During the June 12 meeting, trustees also approved a 2.88 percentincrease in tuition and fees for students beginning in the fall 2018 semester. The increase is within the range set by the Tennessee Higher Education Commission and next goes to THEC for final review.

MTSU’s full-time undergraduate tuition and fees of $9,206 for the fall 2018 and spring 2019 semesters will remain the lowest of the state’s three largest universities. The University of Tennessee-Knoxville charged $12,970 last year and has yet to set tuition and fees, while the University of Memphis will charge $9,701 in the coming year.

In other business, trustees:

     Approved a cost-of-living allowance of 1.5 percent, or $500, whichever is greater, for all full- and part-time employees as of June 30. The board also approved a compensation plan and provided money for market adjustments and related benefits based on the plan.

     Endorsed a plan to seek state funding for construction of a building for the School of Concrete and Construction Management.Private industry has raised or pledged money toward the project, McPhee said, noting the school’s strong ties to the workforce.

     Learned of plans to create two new academic programs, a bachelor of arts and master of arts degrees in art therapy, in the College of Liberal Arts.

     Learned that freshman applications have exceeded 10,000for the fall 2018 semester. It’s the first time that number has topped 10,000 since 2011. Also, registration at the university’s new-student orientation sessions this summer is up 10 percent for freshmen and 3 percent for transfer students.

     Learned that former MTSU President Sam Ingram, who led the university from 1979 to 1990, has decided to retire from his role as president emeritus effective June 30. Ingram has been in the emeritus role, serving as an adviser to the president, since he stepped down from the university’s top position.

Welcomed Peyton Tracy, who graduated in May with his bachelor’s degree and will pursue an MBA degree this fall from the Jones College of Business, as the new student trustee, replacing Lindsey Weaver. Tracy, a former Student Government Association senator, was among three names presented by the SGA for McPhee’s consideration for the board. Weaver, a former SGA president who received her master’s degree from MTSU in May, is now assistant director of student leadership and engagement at Union University in Jackson, Tennessee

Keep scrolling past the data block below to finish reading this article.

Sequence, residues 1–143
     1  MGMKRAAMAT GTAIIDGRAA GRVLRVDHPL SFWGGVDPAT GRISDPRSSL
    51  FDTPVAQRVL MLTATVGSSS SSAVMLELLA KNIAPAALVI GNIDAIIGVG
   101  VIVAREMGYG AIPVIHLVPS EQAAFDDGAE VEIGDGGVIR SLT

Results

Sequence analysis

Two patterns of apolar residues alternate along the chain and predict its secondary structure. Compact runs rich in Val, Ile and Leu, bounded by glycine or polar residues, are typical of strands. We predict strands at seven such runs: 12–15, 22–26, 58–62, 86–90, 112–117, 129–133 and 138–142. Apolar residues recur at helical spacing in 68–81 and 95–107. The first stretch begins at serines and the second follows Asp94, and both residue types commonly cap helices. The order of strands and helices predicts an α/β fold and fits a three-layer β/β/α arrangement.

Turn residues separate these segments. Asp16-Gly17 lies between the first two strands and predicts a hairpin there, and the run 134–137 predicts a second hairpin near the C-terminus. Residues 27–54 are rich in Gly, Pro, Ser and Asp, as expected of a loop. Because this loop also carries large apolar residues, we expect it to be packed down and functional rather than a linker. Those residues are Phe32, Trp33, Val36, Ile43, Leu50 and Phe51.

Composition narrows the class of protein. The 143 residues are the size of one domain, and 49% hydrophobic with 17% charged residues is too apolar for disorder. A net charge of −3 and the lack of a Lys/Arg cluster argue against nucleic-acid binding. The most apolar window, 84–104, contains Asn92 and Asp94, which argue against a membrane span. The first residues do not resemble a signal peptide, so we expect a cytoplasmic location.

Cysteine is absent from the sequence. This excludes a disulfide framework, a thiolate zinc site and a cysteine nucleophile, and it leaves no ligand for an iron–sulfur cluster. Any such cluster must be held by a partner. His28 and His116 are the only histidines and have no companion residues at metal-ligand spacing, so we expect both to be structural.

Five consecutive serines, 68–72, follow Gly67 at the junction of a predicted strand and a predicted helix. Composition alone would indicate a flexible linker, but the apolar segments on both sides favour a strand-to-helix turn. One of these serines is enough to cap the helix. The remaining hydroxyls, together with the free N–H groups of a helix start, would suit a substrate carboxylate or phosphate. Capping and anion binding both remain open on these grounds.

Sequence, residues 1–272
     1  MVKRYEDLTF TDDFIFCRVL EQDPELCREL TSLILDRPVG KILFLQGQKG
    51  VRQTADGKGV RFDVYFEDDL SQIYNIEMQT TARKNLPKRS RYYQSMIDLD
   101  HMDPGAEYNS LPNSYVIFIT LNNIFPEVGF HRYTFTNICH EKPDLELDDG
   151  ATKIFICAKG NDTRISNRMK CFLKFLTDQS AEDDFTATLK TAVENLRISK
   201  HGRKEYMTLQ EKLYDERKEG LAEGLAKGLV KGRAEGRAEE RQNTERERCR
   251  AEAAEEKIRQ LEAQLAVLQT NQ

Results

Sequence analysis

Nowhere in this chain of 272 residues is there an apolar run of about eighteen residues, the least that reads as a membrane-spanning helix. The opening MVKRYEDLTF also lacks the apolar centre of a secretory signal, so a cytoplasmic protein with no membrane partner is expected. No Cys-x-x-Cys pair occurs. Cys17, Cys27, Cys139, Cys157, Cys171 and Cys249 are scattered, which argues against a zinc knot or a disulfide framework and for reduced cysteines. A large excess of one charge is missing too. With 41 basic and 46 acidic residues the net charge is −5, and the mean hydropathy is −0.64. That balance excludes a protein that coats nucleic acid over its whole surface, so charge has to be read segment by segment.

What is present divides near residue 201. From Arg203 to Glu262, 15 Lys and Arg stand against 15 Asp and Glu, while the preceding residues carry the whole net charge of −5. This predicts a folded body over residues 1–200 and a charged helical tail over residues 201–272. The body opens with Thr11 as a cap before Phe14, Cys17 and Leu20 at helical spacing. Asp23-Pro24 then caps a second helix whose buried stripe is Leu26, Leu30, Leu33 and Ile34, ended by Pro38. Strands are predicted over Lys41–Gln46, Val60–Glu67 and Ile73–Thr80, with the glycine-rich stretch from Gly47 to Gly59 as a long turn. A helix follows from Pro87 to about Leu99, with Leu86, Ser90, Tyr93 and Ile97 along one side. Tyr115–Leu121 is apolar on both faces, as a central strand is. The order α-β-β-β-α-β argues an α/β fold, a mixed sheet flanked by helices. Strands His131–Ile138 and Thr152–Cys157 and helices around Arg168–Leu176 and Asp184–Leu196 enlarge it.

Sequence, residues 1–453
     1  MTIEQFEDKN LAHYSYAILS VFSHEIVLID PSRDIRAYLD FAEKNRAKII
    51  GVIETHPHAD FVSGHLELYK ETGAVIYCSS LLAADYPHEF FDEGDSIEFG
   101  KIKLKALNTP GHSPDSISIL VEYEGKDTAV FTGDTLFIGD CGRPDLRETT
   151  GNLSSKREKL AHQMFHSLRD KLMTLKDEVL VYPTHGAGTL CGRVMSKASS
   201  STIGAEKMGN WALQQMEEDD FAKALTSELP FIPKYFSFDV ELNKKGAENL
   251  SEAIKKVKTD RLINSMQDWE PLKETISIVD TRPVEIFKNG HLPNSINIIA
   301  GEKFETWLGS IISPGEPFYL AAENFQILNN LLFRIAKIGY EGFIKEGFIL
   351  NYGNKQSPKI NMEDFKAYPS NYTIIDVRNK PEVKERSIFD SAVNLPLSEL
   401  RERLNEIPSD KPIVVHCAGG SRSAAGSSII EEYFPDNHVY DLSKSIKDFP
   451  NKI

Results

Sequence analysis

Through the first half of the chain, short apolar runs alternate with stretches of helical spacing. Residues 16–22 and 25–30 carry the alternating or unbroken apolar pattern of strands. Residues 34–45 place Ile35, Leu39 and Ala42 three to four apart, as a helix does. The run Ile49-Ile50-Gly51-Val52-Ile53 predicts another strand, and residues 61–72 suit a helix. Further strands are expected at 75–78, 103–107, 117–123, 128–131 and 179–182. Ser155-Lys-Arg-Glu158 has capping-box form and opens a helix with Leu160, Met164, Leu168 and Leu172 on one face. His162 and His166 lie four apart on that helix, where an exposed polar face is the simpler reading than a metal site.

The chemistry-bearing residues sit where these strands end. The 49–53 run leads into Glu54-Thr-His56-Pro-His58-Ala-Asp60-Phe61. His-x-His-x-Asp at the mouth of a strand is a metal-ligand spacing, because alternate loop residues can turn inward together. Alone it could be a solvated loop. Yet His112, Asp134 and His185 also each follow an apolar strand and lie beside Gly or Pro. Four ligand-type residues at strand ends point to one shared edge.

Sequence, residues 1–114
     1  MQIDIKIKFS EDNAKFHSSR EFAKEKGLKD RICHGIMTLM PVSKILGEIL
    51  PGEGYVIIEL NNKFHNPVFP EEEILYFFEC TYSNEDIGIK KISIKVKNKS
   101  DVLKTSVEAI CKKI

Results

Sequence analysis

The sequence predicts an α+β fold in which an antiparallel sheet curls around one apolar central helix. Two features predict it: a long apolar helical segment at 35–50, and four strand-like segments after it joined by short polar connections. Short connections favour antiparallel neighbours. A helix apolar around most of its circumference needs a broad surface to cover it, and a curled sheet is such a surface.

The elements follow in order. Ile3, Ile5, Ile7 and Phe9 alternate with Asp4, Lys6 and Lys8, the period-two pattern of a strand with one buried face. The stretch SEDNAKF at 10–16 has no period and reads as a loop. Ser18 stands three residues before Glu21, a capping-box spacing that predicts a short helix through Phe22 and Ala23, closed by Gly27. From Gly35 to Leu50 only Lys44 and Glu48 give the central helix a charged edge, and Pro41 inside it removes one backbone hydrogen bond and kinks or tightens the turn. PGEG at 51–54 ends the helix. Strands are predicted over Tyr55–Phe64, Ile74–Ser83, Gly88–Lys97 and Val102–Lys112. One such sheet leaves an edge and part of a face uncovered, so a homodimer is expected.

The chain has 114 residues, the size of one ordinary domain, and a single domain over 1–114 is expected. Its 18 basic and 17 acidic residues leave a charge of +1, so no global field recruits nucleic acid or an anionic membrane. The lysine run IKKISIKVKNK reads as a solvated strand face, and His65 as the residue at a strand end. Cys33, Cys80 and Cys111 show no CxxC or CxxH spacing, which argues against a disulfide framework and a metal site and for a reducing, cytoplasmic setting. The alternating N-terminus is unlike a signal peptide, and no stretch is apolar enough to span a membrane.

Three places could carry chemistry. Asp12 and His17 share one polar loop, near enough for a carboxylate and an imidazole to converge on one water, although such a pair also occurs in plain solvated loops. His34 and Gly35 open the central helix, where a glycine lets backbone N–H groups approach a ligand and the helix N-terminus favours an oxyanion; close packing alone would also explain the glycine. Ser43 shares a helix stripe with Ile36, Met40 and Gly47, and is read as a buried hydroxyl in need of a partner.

[487] Reading, feeding, playing go together in new MTSU center program for children

MURFREESBORO, Tenn. —Underserved children in a five-county area will get the “spark” they need to ignite healthier lifestyles thanks to MTSU’s Center for Health and Human Services.

With $100,000 in funding from the Tennessee Department of Health, the MTSU center will develop, oversee and provide technical assistance for an initiative to integrate healthy eating, active living and a tobacco-free lifestyle into an after-school literacy program for minority and socioeconomically disadvantaged youth called SPARK 2 Read.

Dr. Don Morgan, an MTSU professor of health and human performance, said the program “builds on previous research showing that physical activity can strengthen learning and brain-body connections.” 

The MTSU Center for Physical Activity and Health in Youth, which Morgan directs, has been working with the Center for Health and Human Services on a previously issued grant to implement the overall SPARK program at nine rural elementary schools in Meigs, Hickman, Benton, Sullivan and Rutherford counties. Project outcomes are expected in August.

Nationally, SPARK has been recognized as an exemplary program by the U.S. Department of Education and identified by the Centers for Disease Control and Prevention as a national model for combatting childhood obesity. Now it will be combined through MTSU into a literacy initiative for children aged 5 to 14 in up to 12 schools. They are:

  • Hickman County: East Hickman Elementary and Centerville Elementary;
  • Meigs County: North Meigs Elementary and South Meigs Elementary;
  • Benton County: Briarwood Elementary, Holladay Elementary, Big Sandy Elementary;
  • Sullivan County: Lincoln Elementary and Roosevelt Elementary;
  • Rutherford County: Three Murfreesboro City schools that have yet to be identified.